Tuesday, October 11, 2011

Copyright and patents

There are few things in life more difficult to decide than what the appropriate regime is for the creation and protection of "intellectual property." I say creation to refer to the creation of the property right not the creation of the the original work. Intellectual property rights like all property rights are actually social constructions.

At one end of the scale there is an argument that strong property rights create the opportunity to be rewarded for intelectual endeavours and hence create an important incentive to intellectual pursuits.

At the other end of the scale there is the argument that knowledge itself is a social entity, that there is more to be gained by sharing the intellectual output to create more. Scientists think of this as Newton's "standing on the shoulders of giants" while economists think of it as Romer's "new growth theory."

The latest place it is emerging is in an endless series of disputes about the IP in various smartphone and tablet devices, including now the Amazon Kindle Fire. (The telco industry of course began with just such a controversy.)

This case like many others looks like a patent troll - someone who buys patents to make money by suing others for using the IP without paying a fee.

Interestingly in Australia the field of copyright saw a decision last year that a telephone directory is not an "original work." (I use that as the basis for not trying to assert copyright to certain graphs I provide at DigEcon Research. They entail a great deal of work, but aren't original work.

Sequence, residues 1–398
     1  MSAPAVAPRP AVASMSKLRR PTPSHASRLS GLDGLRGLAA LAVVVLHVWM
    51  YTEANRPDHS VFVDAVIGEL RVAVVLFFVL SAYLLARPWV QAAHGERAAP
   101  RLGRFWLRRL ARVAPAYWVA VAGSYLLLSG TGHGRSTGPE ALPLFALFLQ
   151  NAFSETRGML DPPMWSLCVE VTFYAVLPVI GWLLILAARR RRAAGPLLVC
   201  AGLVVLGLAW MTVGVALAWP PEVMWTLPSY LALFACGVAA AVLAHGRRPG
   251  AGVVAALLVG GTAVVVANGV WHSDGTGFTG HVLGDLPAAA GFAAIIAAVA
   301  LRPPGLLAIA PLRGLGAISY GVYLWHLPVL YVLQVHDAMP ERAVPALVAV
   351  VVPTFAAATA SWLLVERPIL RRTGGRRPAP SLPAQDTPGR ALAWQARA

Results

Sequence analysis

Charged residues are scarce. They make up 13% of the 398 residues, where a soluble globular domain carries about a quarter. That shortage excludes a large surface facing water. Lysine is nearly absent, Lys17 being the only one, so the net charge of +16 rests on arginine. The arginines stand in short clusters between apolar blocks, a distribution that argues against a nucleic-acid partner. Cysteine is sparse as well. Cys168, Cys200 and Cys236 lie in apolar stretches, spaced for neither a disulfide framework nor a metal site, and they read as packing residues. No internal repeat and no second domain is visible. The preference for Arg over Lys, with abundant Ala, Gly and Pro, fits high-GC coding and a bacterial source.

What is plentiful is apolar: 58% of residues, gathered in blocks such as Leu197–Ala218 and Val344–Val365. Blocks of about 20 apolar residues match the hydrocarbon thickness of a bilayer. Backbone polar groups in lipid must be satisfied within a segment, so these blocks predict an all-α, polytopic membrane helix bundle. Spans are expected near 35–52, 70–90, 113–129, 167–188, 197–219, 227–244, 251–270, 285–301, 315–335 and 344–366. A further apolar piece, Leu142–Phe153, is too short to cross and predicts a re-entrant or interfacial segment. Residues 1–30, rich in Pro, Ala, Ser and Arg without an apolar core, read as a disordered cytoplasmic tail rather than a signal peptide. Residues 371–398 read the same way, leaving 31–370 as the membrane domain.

One wonders if the same kind of logic could be applied to patents. How could a patent "covering the act of tapping an icon on the tablet's touch-sensitive display to perform an action" be regarded as intellectual effort worthy of enshrining in a property right? Does someone want to patent pointing with your finger in a shop to indicate what you want to buy?

Someone needs to do more than fiddle at the edges with the definitions of all aspects of intellectual property. The rights created need to be limited to the minimum amount necessary to genuinely create incentives, and to eliminate prospects of pursuit of windfall gains.

And as a context-sensitive aside, Steve Jobs was renowned as a pursuer of his intellectual property rights. Not mentioned much this week was the fact that Apple twice had to pay The Beatles for the right to use the Apple logo in relation to electronic music, the issues being driven mostly by the inclusion of the MIDI interface in the Mac and later the iPod and iTunes.

Novae Meridianae Demetae Dexter delenda est

No comments: